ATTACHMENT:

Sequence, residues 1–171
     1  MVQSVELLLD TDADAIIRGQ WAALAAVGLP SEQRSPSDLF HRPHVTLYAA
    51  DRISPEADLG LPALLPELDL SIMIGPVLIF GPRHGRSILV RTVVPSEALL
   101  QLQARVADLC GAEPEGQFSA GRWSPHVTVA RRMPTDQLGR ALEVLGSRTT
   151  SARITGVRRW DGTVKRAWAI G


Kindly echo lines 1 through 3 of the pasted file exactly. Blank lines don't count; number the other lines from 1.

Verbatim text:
Sequence, residues 1–171
     1  MVQSVELLLD TDADAIIRGQ WAALAAVGLP SEQRSPSDLF HRPHVTLYAA
    51  DRISPEADLG LPALLPELDL SIMIGPVLIF GPRHGRSILV RTVVPSEALL